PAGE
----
I had exactly this arguement with my youngest daughter the other evening who has recently passed her driving test.She was complaining about a cyclist cycling defensively in front of her up a hill; i.e he was riding about a metre out from the kerb rather than in the gutter. The position he was in stopped her from overtaking him. When I asked her why she thought he should give way she said; ‘because I pay road tax and he doesn’t’. I attempted to put her right on the ‘vehicle excise duty’ she pays for her car and I think she’s still talking to me. She is an intelligent young woman and a teacher, but she has a lot to learn, some of which obviously needs to be part of the theory driving test. The attitude of the ASA is typical in these circumstances. They fail to make the link between inaccurate information and the resultant attitudes of ignorant drivers. Until adverts like the Peugeot one are properly managed the problems will continue.
Richard Tracey, Conservative AM and spokesman for transport, is at it too –
“On road user charging, there is little to add to the paragraph in the report. Motorists already more than pay for roads through road and fuel tax.”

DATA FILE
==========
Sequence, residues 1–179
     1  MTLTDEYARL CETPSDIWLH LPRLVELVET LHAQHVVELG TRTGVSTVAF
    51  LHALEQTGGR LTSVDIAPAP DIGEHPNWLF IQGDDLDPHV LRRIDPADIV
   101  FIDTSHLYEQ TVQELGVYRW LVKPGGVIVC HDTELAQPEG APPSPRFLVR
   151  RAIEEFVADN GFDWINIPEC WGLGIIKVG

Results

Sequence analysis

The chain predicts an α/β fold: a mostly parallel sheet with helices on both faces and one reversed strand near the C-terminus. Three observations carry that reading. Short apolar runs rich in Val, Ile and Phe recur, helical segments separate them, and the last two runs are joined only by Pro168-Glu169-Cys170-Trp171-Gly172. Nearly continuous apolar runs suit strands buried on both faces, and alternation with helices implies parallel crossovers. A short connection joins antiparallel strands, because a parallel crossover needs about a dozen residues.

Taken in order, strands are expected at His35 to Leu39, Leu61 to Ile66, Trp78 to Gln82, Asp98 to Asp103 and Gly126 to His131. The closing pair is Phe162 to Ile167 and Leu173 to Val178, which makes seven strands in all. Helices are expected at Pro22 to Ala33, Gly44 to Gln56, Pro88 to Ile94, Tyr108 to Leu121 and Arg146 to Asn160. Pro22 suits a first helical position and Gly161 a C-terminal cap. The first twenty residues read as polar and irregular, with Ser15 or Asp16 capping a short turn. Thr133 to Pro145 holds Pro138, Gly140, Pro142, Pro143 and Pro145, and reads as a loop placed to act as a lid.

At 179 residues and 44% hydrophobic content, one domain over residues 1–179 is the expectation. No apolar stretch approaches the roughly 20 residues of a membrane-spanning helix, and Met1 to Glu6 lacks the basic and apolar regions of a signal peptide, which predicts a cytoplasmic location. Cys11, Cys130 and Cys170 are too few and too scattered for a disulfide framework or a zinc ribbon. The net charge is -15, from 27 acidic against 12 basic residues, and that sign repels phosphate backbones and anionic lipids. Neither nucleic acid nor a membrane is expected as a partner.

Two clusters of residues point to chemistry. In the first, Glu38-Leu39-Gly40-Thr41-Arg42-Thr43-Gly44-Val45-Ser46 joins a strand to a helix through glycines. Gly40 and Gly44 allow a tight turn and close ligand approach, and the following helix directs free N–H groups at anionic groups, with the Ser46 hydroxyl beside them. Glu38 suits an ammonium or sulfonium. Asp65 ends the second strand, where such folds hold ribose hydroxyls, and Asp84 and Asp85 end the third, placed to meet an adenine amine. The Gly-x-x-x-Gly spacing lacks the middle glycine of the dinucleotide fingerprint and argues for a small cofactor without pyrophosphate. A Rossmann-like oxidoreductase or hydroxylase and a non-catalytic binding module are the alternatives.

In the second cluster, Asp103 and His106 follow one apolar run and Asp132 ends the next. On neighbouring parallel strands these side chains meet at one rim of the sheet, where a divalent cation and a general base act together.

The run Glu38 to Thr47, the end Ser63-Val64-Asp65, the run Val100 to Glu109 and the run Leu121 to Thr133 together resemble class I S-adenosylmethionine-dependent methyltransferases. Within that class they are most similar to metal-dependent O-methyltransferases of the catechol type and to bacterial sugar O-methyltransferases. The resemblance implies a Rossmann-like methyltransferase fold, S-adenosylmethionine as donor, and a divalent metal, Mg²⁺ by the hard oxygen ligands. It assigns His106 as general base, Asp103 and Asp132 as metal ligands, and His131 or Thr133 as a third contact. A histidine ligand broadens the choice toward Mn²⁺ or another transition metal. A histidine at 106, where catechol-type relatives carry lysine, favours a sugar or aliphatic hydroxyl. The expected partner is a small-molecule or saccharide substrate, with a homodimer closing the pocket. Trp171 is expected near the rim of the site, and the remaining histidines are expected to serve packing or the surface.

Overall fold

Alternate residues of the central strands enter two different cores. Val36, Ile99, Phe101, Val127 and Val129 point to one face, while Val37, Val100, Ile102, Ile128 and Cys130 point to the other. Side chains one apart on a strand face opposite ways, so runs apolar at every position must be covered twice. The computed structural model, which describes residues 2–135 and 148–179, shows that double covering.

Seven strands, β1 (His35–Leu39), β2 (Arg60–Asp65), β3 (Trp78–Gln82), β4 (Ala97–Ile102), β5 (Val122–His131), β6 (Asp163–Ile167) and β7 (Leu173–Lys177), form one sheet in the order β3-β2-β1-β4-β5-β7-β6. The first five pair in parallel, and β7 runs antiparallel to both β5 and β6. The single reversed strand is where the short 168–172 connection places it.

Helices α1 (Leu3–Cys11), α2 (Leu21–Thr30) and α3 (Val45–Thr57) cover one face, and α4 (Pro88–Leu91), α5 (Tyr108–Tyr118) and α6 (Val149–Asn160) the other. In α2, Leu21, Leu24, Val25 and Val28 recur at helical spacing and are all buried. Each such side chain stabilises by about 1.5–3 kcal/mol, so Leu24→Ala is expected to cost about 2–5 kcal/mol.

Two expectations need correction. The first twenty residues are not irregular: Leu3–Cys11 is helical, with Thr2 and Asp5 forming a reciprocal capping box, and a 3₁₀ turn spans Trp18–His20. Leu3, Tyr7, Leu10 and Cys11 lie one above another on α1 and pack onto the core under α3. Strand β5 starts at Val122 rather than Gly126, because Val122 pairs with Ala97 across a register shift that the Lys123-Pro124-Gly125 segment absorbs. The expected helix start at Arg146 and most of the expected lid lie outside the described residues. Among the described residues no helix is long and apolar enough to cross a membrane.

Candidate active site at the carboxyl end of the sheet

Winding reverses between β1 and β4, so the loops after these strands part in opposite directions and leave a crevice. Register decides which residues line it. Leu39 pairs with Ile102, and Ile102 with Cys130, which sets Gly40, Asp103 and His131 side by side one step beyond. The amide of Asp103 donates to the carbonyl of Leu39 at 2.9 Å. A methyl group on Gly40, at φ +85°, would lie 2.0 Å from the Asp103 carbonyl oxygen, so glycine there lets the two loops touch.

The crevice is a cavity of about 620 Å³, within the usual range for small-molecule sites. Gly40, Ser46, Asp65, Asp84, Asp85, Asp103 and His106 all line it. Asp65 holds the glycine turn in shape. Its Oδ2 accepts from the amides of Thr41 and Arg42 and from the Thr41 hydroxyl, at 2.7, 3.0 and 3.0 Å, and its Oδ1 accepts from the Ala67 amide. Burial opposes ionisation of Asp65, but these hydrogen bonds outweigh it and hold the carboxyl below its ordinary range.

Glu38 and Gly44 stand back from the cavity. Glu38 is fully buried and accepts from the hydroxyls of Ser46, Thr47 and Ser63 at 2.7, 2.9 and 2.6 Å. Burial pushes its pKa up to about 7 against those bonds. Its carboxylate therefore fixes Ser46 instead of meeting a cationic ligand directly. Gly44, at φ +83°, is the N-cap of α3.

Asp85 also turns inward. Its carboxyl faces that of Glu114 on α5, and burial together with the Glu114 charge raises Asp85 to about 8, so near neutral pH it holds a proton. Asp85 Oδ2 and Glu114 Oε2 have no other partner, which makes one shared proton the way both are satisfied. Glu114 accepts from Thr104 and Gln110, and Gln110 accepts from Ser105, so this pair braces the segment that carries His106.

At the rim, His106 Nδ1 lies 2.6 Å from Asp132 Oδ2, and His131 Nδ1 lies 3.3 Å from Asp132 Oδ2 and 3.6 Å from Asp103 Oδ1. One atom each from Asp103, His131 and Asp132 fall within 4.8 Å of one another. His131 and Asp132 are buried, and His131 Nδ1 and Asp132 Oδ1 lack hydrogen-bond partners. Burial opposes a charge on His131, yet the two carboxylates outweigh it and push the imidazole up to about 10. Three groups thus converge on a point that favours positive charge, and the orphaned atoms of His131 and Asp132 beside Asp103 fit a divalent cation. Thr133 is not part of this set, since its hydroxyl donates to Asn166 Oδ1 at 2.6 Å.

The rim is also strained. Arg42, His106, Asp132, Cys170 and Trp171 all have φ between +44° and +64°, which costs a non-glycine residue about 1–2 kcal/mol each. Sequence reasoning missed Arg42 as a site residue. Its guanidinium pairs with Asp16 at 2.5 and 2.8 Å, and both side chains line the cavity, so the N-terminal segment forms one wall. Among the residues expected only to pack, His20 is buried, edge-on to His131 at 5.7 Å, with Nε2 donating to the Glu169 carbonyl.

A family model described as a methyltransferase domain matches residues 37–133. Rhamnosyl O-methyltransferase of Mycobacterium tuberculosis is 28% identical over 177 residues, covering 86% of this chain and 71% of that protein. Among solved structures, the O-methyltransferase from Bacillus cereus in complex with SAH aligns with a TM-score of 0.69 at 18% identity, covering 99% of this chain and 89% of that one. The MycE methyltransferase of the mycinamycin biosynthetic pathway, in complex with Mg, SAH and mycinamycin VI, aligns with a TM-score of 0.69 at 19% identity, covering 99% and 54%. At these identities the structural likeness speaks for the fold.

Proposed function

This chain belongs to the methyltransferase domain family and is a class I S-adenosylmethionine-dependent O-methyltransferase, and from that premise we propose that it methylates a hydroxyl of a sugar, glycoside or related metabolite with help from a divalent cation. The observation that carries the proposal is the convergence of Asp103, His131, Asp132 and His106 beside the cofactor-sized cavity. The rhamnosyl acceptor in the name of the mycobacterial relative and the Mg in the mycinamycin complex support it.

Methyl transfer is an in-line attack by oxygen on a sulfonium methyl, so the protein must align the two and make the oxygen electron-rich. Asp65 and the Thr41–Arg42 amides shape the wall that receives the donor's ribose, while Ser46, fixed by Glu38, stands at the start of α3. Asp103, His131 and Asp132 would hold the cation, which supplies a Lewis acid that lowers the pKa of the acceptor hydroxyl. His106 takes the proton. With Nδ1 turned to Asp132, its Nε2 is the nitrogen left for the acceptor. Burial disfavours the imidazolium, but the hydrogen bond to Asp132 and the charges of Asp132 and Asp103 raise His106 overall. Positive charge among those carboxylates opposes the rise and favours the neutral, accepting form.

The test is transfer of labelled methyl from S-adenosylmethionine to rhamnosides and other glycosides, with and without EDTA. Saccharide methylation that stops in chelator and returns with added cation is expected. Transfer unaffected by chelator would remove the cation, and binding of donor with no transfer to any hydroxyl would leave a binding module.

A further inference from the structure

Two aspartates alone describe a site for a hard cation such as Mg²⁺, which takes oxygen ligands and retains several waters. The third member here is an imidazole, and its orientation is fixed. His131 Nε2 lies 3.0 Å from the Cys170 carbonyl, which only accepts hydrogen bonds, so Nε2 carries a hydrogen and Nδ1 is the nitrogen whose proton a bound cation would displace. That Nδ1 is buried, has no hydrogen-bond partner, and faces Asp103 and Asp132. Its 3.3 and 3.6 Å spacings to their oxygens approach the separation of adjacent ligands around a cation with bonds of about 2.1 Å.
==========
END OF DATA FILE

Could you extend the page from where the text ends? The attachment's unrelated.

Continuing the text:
Why don’t I expect any less from a Conservative Councillor?! It’s a good post from Cyclists in the City as I know Guildford very well (being the town of my birth). It is an utter hell hole for cycling. And the new(ish) home of the CTC.
I agree about Guildford – what do you expect when you create an orbital racetrack in the centre of your town?
It’s not much better for pedestrians. The walk from the station to the centre of town is atrocious. A pavement a few feet wide, next to a three lane urban motorway.
Blimey, I go away for a few days and all hell breaks loose on the ‘road tax’ front…
The ASA ‘truthful’ bit is a corker, and well worth digging into.
I’ve written to Nicholas Soames – he’s my MP and Winston Churchill’s grandson to see if he can help seeing as his grandad was the man who abolished “road tax”.